If you do not meet those guidelines, you don't get that money. So basically that's how it works. So all of these school districts participate in the National School Lunch Program, follow these guidelines. There is a system in place to prove that they're following these guidelines. So there's a good amount of administrative work that needs to be done and basically proving that you're following nutritional guidelines, that you're documenting how many meals you're preparing, you're documenting how many meals you're actually serving.
This information goes to the government, usually first through the state. And then you get a reimbursement back from the government. So the way it works, and this is an important fact that I think most people don't understand, is you have a school district, and that school district has its own budget and its own fund, but in the vast majority of cases, that money never touches the food service program.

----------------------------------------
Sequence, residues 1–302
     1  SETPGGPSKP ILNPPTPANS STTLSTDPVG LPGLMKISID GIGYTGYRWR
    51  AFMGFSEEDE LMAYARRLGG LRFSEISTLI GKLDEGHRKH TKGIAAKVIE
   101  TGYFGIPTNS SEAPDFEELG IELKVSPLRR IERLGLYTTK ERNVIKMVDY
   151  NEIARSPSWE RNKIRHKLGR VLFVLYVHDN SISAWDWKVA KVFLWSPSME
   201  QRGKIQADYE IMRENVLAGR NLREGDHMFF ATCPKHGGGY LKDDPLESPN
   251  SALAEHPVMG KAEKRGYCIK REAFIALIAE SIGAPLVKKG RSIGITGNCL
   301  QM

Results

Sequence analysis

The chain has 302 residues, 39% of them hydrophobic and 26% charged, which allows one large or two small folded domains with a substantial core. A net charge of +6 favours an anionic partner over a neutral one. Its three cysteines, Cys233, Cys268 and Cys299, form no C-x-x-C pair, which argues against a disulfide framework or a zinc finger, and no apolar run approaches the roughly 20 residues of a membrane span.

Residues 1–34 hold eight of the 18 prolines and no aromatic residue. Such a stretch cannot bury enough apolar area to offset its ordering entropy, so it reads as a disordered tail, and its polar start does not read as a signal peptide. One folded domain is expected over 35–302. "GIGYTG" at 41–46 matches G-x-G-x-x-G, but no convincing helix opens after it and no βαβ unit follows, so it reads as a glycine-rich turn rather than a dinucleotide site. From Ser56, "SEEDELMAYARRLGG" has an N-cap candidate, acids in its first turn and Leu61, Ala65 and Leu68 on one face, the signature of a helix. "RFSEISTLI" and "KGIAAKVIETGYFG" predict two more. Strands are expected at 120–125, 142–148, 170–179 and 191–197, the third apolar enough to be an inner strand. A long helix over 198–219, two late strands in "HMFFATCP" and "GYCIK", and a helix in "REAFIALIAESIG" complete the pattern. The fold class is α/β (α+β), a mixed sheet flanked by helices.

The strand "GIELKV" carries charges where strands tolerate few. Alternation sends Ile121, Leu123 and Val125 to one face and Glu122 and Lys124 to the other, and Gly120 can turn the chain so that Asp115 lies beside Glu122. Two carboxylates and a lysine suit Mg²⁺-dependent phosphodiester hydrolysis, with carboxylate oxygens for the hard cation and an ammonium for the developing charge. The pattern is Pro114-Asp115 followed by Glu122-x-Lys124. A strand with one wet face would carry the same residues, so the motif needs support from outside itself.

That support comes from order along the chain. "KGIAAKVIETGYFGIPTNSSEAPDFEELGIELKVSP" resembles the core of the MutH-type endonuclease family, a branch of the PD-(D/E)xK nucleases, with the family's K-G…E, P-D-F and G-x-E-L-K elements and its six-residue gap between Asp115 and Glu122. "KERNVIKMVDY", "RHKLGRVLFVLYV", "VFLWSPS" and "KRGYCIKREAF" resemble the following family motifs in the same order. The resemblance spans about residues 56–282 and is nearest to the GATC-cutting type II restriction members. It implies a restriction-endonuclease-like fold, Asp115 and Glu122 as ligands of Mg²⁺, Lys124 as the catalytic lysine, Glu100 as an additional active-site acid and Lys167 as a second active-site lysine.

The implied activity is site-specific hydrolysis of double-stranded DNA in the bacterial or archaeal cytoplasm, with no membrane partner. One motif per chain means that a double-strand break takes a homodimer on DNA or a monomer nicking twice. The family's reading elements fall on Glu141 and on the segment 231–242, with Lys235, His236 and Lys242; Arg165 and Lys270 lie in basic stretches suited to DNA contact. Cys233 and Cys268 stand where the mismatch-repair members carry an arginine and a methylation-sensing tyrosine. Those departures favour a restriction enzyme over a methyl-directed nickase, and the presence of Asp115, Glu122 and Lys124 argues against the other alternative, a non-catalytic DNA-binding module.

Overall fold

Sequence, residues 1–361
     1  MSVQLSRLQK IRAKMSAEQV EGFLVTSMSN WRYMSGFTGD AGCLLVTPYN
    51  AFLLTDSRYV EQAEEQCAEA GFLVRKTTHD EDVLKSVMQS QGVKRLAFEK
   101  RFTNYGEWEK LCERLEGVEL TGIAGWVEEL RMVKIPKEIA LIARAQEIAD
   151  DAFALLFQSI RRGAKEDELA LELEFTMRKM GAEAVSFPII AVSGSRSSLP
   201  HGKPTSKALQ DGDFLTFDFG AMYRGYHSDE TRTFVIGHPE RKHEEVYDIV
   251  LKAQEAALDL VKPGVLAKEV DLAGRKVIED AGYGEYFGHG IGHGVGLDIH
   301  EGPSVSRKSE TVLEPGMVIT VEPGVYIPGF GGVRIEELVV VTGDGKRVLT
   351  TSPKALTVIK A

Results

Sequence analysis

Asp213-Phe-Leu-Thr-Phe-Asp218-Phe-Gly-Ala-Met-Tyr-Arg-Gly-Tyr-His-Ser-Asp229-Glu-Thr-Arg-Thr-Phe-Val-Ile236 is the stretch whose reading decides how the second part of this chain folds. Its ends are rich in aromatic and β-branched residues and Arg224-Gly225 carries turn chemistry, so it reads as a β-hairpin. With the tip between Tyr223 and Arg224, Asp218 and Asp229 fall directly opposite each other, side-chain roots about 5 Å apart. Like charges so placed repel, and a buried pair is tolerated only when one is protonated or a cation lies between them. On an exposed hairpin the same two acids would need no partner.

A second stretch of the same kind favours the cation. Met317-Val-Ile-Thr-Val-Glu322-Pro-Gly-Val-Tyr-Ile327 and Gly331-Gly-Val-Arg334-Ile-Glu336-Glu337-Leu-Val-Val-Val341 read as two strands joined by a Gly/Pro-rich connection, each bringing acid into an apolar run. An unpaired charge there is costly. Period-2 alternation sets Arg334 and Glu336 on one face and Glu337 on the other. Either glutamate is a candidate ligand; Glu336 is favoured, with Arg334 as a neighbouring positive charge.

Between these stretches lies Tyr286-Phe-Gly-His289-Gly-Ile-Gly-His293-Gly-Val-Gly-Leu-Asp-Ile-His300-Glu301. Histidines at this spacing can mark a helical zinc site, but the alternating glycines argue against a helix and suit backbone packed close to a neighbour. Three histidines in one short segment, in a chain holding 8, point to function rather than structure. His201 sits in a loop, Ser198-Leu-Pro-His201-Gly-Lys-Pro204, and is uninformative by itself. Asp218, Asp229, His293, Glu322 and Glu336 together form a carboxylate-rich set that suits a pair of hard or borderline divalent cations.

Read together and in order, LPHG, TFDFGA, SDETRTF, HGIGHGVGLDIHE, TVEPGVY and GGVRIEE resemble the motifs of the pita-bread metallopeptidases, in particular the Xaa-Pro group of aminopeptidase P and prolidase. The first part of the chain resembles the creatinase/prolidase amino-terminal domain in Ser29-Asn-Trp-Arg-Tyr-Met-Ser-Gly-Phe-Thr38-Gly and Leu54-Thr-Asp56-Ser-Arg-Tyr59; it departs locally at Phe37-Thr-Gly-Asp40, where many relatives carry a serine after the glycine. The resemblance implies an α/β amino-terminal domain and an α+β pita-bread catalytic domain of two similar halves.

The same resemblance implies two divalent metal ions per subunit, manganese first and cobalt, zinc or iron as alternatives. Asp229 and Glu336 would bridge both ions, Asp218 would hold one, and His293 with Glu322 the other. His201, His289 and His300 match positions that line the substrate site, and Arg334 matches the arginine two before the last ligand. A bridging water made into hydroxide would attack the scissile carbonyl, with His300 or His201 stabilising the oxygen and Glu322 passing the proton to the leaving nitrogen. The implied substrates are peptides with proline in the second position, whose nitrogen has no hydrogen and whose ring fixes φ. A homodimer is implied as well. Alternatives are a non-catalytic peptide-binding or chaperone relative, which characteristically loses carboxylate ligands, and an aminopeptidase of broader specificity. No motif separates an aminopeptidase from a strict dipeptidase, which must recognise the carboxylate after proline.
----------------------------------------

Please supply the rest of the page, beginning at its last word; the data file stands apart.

The vast majority of cases, the food service program's budget is entirely based off of that reimbursement from the government that is specifically for food service. So when you hear these arguments and sometimes where people are like, well, does it make sense to use money for food or for new computers? It's really not the same thing. It's really budget. And usually the only time the general budget of the school district will support the food service program is if they absolutely have to, meaning that really the food service program is run like a business. If they're not keeping up and they're losing, then the kids still need to eat. So then the general fund will put money into it, but you're really kind of on an island with that set amount of money.
Josh Sharkey [00:42:54]:
So there's guidelines, which means there's like arbiters of who those guidelines are. Are you thinking about, or maybe you are already getting involved with what those guidelines are, changing them, if there's things that you feel like that you believe could be changing.
Dan Giusti [00:43:14]: